Friday, August 30, 2013

Four Books and One Move Review

These are all food related in one way or another.

The Lucky Ones – My Passionate Fight for Farm Animals
The Lucky Ones – My Passionate Fight for Farm Animals

by Jenny Brown, founder of Woodstock Farm Animal Sanctuary
What an amazing person. This gal was 10 years old when she was diagnosed with bone cancer and eventually lost part of her leg below the knee. When she was in her teens she made the connection between food and animal exploitation. She eventually founded the Woodstock Animal Sanctuary, whose mission is the hands-on work of rescuing, rehabilitating and caring for farmed animal refugees — as well as educating the public about the horrific treatment of animals who are raised for food.

This is her journey, along with stories of some of the animals. The book is highly readable with a friendly, casual style. The back of the book includes resources for further reading, films, cookbooks, websites and some recipes. This book shows how much a determined person can do and really make a difference.

Defiant Daughters – 21 Women on Art, Activism, Animals, and The Sexual Politics of Meat

Defiant Daughters – 21 Women on Art, Activism, Animals, and The Sexual Politics of Meat
I have had a copy of The Sexual Politics of Meat by Carol J. Adams for over 20 years. I have yet to read it. It just isn't an easy read even though I do enjoy non-fiction. All of the contributors of Defiant Daughters have read the book and credit it with the awakening of their identities as feminists, activists, and women. I did find most of their stories interesting. I have drug out my copy of The Sexual Politics of Meat and hope to read it before 2014!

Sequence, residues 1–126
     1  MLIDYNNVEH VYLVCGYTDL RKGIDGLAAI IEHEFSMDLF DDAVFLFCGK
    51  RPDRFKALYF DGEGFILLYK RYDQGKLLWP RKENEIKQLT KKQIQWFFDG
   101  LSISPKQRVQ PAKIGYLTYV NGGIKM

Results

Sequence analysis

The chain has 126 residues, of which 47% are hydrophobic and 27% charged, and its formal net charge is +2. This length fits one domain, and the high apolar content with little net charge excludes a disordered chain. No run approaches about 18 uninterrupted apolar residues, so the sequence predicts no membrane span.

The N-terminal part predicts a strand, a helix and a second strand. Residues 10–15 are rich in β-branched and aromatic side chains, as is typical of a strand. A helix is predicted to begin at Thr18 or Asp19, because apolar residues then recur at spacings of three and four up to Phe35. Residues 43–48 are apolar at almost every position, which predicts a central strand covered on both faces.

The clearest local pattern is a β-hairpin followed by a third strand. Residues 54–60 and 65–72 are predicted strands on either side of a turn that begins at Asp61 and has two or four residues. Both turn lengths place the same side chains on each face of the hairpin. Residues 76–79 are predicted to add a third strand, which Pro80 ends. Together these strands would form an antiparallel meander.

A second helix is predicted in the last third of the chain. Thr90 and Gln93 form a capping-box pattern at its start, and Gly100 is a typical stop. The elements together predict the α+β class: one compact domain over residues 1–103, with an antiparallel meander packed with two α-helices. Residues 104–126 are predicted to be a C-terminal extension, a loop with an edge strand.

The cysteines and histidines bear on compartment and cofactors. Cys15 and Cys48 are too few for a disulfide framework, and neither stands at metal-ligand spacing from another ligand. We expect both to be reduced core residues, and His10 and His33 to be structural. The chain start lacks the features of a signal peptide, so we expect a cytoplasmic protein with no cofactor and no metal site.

Warrior Pose – A War Correspondent's Memoir. How Yoga (Literally) Saved My Life 

 Warrior Pose – A War Correspondent's Memoir. How Yoga (Literally) Saved My Life
by Brad Willis aka Bhava Ram
What a powerful book. And what does it have to do with food? Towards the end of the book he eventually becomes a vegan. But that is just a very small part of the book. This guy was a successful war correspondent. At the height of his career he breaks his back and manages to work through the pain and deny that it is broken. Eventually he has to get it fixed, the surgery fails (of course!) and he is permanently disabled. Then comes all the alcohol, medications, and to top it all off he is diagnosed with throat cancer. He was treated for cancer and then they could do no more and gave him a couple of years to live. Talk about bad to worse. He ends up abandoning Western medicine and goes to a pain management center which leads to yoga. Today he is pain free and cancer free. This book is so well written. Some memoirs are boring. Not this one. His talent for writing shines. This is a memorable book that I think will be lodged in my brain for a long time to come.

Great Gluten-Free Vegan Eats from Around the World.
Fantastic, Alergy-Free Ethnic Recipes

 Great Gluten-Free Vegan Eats from Around the World. Fantastic, Alergy-Free Ethnic Recipes
by Allyson Kramer

I was lucky enough to win this book online. Most recipes have a color picture. The chapters are African, European, South & Central America, Asian & Oceanic Fare and North American from Canada to Mexico.

Recipes that caught my interest

Africa: Peanutty Parsnip and Carrot Soup; Spiced Lentil Harira Soup

Europe: Pain Ordinaire, a crusty white bread; Roasted Tomato and Beet Bisque, a good way to try out more beets; Veggie Frittata with Salsa Verde; English Cottage Pie although I'd leave out the TVP and use some lentils instead; Baked Pierogi with Dilled Sour Cream

South & Central America: Fennel and Kale Corn Bread; Caribbean Black Bean Soup; Farina Pizza, the crust is made from garbanzo flour

Asia: Tofu Noodle Soup (Pho); Savory Stuffed Grapes (stuffed with chickpeas and spices); Masala Mushrooms (stuffed with cauliflower and spices); Vietnamese Salad Wraps; Spinach Mushroom Curry; Indian Crepes with Sorrel and Spinach; Australian Veggie Pie

North America: Mini Potato Skins; Baked Potine; Cheddary Cheese Wheel (a cashew based nut cheese); Maple Pumpkin PIe with Cinnamon Walnut Crust

What I don't like about this book is the heavy use of faux meats, cheeses and coconut cream. Some of the recipes are fried. Only a couple of dessert recipes caught my eye but there are sweets in each section. This would be a good book for a transitioning vegan or someone who wants to eat less meat and desires gluten free meals. Quite the variety of recipes.

Vegucated – DVD